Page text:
Remembering Cris Carter’s Hottest Take: Advising NFL Rookies To Find A ‘Fall Guy’ If They’re Ever Arrested

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Pro Football Hall of Fame wide receiver turned broadcaster Cris Carter has been canned from Fox Sports after three years at the network, cleaning out his desk at Fox Sports under supervision of security, two sources told The Big Lead.

Multiple reports circulated that Carter, a co-host of FS1’s “First Things First” morning show, was irate about not being included in Fox’s Thursday Night Football pregame coverage this season and blew up at Fox executives.

But, The New York Post’s Andrew Marchand claims the TNF snub may have had a role in his firing, but his “sources said the matter at hand is more serious.”

In the wake of Carter’s departure, let’s take a moment to remember a take hotter than any one he delivered behind a broadcast booth.

In a video talking to a group of 2014 rookies at the NFC rookie symposium alongside fellow Hall of Famer Warren Sapp, Carter advised rookies to assign a member of their crew as the “fall guy” to take ownership of any future fuckups.

“And just in case ya’ll not going to decide to do the right thing, if ya’ll got a crew, you have a fall guy in the crew.”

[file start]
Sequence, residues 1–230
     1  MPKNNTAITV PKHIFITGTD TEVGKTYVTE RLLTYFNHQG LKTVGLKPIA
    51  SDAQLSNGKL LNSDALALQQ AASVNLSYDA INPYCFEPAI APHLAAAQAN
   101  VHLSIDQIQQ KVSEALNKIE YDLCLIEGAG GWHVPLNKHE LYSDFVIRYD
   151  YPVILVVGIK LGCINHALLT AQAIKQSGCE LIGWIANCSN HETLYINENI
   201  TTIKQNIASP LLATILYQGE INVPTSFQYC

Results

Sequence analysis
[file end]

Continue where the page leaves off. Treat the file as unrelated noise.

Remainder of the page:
This public advice was so wild that Warren Sapp, a dude who was fired from the NFL Network for soliciting a prostitute, recoiled in laughter.

Carter continued.

“Teddy [Bridgewater] come here. If they going to keep rolling on Teddy’s bankroll, because each one of ya’ll in business for yourself. This right here is Teddy Bridgewater Inc. Now, every dime that comes into Teddy is going to be earned by him and his body.

Now I let my homeboys know, ‘ya’ll wanna keep rolling like this?’ Then I need to know who’s going to be the fall guy. Who’s going to be driving? Because ya’ll not going to all do the right stuff, so I gotta teach ya’ll how to get around all this stuff too.

If you’re going to have a crew, one of them fools need to know, he’s going to jail. We’ll get him out.”

Carter later apologized after the NFL called his comments “unfortunate and inappropriate.”

In Carter’s defense, if Ray Lewis didn’t have a fall guy, the Ravens would never have built a statue of him in front of their stadium.

One man’s inflammatory comments is another man’s get of of jail free card.


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Matt’s love of writing was born during a sixth grade assembly when it was announced that his essay titled “Why Drugs Are Bad” had taken first prize in D.A.R.E.’s grade-wide contest. The anti-drug people gave him a $50 savings bond for his brave contribution to crime-fighting, and upon the bond’s maturity 10 years later, he used it to buy his very first bag of marijuana.